Haematopoietic stem cells and cancer stem cells in leukaemia
Unremitting production of blood during life is reliant on haematopoietic stem cells (HSCs).
A rare and relatively quiescent cell type harboured in adult bone marrow, HSCs are, on entry into cell cycle, fated to self-renew, undergo apoptosis or differentiate to progenitors (HPCs) that eventually yield specific classes of blood cells. Sustained perturbation of any of these cell fate decisions in HSCs or HPCs corrupts their functional integrity and is considered to be fundamental to the emergence of aplastic and dysplastic bone marrow failure syndromes and haematological malignancy.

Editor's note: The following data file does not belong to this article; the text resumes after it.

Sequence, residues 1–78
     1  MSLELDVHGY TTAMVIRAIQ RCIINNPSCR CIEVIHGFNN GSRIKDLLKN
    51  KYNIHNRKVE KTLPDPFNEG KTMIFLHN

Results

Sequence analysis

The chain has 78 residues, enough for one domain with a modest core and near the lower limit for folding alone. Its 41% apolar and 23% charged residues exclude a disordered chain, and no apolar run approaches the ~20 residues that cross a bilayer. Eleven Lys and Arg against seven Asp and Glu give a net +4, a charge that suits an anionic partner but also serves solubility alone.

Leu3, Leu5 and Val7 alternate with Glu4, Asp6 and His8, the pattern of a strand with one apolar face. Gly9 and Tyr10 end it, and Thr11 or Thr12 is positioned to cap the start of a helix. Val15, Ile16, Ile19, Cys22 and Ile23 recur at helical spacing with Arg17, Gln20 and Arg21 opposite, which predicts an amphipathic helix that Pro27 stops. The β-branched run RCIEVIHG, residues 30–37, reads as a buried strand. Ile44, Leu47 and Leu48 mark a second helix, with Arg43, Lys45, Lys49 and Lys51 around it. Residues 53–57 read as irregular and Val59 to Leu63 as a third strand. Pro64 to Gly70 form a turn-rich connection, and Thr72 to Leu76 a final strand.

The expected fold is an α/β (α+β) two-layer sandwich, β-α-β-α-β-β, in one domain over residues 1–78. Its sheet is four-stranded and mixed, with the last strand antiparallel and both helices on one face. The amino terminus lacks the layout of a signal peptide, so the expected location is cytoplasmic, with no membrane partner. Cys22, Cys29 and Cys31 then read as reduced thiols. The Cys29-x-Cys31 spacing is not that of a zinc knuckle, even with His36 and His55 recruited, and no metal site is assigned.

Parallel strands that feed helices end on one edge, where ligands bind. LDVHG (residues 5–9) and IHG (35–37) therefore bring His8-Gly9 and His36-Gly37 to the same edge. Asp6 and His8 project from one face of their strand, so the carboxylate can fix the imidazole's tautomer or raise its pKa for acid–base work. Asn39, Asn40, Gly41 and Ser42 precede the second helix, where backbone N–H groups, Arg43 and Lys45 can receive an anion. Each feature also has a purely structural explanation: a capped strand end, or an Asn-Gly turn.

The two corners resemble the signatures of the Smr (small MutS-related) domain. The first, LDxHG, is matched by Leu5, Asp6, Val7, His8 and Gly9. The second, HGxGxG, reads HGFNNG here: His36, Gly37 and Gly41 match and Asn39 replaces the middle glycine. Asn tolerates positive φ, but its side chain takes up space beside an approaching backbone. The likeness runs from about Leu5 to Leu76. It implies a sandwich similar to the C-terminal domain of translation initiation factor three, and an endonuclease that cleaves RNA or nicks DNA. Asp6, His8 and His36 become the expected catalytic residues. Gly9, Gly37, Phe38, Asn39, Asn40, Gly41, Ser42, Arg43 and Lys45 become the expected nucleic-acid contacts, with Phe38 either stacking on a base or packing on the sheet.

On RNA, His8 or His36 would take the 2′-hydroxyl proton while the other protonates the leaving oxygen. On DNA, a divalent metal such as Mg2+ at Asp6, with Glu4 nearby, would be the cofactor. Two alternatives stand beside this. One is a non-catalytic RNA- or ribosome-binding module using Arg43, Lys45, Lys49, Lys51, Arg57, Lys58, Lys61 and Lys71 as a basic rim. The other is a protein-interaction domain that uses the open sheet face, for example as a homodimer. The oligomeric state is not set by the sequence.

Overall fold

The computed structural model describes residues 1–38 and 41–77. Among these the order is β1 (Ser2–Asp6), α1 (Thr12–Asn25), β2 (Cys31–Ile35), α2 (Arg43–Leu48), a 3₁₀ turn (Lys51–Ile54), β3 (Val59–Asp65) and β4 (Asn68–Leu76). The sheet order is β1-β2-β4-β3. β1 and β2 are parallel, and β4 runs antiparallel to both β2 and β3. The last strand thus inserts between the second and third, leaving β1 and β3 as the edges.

We are identifying the transcriptional and post-transcriptional mechanisms regulating haematopoietic stem and progenitor cells and their dysregulation in the context of the pre-malignant blood disorder, myelodysplasia, and in acute myeloid leukaemia.
Current efforts are directed at investigating how these molecular mechanisms are disrupted in HSCs/HPCs to drive cancer stem cell formation in MDS and AML. MDS, as a pre-malignant disorder, is of particular interest as it provides a tractable model of the earliest stages of blood cancer stem cell development. The ultimate therapeutic aim, in addition to supplementing our understanding of how blood cancer stem cells sustain tumour growth, is to identify highly specific 'targetable' effector pathways in MDS and AML cancer stem cells, associated with transcriptional dysregulation in these diseases.